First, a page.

“Bones of the Founders” by Stephen V. Ramey

Categories: ISSUE 04: Eleanor

Bones of the Founders
It was a dead city, street after street of brick buildings, windows boarded over, the tear tracks from their block letter names eroded to near invisibility. Stritmeyers, J.C. Ward & Co., Good Humor. A hot dog shop boasted a few cars parked outside. These were late model vehicles, well maintained. There was money somewhere in this burgh.

The traffic light turned red. Tom eased to a stop. A lemon yellow Volkswagen Beetle puttered through the intersection. He played some options through his head. Giant Eagle had signed on to anchor one end of his shopping center, but he was torn between Nordstrom and Target for the other. Computer projections suggested they go high end. The WalMart three miles out of town was already pulling the low end demographics. But he had a hunch. Something about this bricked-in downtown whispered Target to him, not Nordstrom.

A tap at his passenger window. Startled he glanced over. A young woman was standing impatiently. Her straight blond hair reminded him of his youngest daughter’s, but her face was more round, her lips fuller. She motioned him to open the window.

Frowning, Tom buzzed the window down an inch. Her fingers immediately curled through the opening. Her eyes were blue sky under sunshine. Striking. You wanted to trust eyes like that.

“Let me in, okay?” She smiled. Her teeth were as straight as her hair, as bright as her eyes. He hadn’t expected this particular demographic in the rundown neighborhood.

“Why?” he said. Cold air leaked in. He took his foot off the brake. The car drifted forward. She drifted with it. “You don’t even know me.”

“But I do,” she said. “You’re T.S. Zealous, the shopping mall king.”

Did she have a gun? His first impulse was to hit the accelerator, but something held him back. He told himself he didn’t want to rip the girl’s fingers off. He told himself it was market research. Below his thoughts, he knew better. There was something between them, an energy, a spitting hydraulic of… not lust. Affection?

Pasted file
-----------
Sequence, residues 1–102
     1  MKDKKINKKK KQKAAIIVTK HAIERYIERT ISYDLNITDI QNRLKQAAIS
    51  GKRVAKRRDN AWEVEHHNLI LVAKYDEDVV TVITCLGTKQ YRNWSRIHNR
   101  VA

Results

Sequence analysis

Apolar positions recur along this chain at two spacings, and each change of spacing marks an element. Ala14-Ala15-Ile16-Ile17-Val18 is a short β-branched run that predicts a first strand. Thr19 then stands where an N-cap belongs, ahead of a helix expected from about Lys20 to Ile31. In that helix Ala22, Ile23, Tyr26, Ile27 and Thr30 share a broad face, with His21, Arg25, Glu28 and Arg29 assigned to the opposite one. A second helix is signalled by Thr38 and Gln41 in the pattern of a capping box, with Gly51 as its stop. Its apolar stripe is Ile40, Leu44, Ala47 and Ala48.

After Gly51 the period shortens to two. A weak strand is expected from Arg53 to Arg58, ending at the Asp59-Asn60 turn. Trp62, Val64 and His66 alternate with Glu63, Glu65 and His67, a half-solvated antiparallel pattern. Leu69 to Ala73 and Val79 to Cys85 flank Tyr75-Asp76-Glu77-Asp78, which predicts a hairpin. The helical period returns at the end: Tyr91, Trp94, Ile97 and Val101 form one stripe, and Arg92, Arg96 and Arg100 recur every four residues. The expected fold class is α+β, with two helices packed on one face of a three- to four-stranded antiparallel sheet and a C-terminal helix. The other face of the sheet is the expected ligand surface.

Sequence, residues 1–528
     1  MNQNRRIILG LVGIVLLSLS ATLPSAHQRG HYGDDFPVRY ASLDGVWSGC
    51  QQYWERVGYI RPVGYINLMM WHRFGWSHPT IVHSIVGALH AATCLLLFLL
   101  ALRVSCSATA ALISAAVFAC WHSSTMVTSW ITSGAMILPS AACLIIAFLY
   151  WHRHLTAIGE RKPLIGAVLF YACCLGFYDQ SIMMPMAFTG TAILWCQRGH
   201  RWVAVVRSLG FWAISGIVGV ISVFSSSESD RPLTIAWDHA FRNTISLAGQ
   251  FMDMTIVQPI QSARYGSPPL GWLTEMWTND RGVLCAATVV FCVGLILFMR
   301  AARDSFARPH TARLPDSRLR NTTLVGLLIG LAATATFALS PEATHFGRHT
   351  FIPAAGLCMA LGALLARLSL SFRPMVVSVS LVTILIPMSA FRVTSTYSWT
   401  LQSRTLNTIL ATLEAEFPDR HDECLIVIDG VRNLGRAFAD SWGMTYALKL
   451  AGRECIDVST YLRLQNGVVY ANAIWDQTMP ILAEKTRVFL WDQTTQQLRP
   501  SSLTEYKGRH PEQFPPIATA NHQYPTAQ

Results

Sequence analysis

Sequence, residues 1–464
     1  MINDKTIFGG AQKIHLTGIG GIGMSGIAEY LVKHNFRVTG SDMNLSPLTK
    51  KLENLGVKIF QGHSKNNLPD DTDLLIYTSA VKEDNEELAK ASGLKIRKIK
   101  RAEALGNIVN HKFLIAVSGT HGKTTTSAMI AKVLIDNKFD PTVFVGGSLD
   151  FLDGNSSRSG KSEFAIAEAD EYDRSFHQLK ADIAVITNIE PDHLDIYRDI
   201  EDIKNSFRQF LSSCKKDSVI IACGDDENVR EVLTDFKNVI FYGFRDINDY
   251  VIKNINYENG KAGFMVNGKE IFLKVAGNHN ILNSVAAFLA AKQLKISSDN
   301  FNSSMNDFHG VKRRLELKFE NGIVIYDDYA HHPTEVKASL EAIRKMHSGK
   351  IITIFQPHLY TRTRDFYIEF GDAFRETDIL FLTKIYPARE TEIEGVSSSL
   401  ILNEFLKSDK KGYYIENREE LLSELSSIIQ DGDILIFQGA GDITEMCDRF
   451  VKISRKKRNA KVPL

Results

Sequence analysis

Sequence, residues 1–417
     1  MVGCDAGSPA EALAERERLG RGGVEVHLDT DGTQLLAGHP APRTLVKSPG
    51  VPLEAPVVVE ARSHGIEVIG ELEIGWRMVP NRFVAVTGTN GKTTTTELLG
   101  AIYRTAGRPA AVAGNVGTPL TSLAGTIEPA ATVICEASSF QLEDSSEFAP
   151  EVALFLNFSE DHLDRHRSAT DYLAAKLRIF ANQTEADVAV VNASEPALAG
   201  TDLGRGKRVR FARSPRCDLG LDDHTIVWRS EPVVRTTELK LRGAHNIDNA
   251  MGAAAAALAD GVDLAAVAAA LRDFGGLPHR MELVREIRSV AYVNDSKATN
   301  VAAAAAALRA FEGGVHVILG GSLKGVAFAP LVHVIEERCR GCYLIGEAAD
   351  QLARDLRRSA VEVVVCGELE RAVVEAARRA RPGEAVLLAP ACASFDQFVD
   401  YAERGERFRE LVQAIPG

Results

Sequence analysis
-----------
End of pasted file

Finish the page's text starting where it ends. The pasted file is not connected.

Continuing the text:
“I have to talk to you,” she said.

He unlocked the passenger door and watched her get in. She wore black pants, a bright blue shirt under a nondescript jacket. That reminded him of the chill outside. He flipped the passenger seat heater to Warm.

She nodded toward the windshield. “Light’s green, Mr. Zealous.”

“Tom,” he said automatically.

“Green light, Tom.”

I hope so. He pressed the accelerator. His back compressed the contoured seat. Acceleration and exhilaration had always been closely linked for him. He glanced over, sensing the firmness of the girl’s body, the rabid youth of her emotions. He wanted to place his hand on her pant leg, squeeze. Feel.

“So,” he said. “How do you know me?” In profile, she had a strong nose, the tip rounded.

“Your license plate,” she said.

Tom nodded. TZMALLZ 134 was pretty distinctive, but most people wouldn’t know its meaning. One-hundred-thirty-four malls designed and constructed. Soon to be 135. He would need new plates.

“Are you an architectural student?” he said. There was a university branch near the city center.

“I was an artist.” She gazed ahead.

“What are you now?” Tom said.

She laughed lightly. “Cindy.”

“That’s a pretty name,” he said. “For a pretty girl.” He wanted to call the words back. You didn’t call girls pretty anymore, not since the 70’s. Not since his first wife.

“Are you going to the Herald property?” she said.

“I was, yes.” Tom negotiated a corner. “I have time for a coffee though.”

“That’s okay,” Cindy said. “It’s the Herald place I need to talk to you about.”

Tom’s mood shifted to wary. “What about it?”

“You purchased the property, right? You mean to turn it into a shopping mall.”

“It’s what I do,” Tom said. “Let me guess. You’re worried about cultural heritage. I assure you we’ll do our best–“

“I’m concerned about the building.”

“Oh.” Now he did let his hand fall onto her thigh. Maybe he’d been wrong about their connection. If she was just another protestor he would drop her off at the next corner and be done with it. No harm in copping a feel first.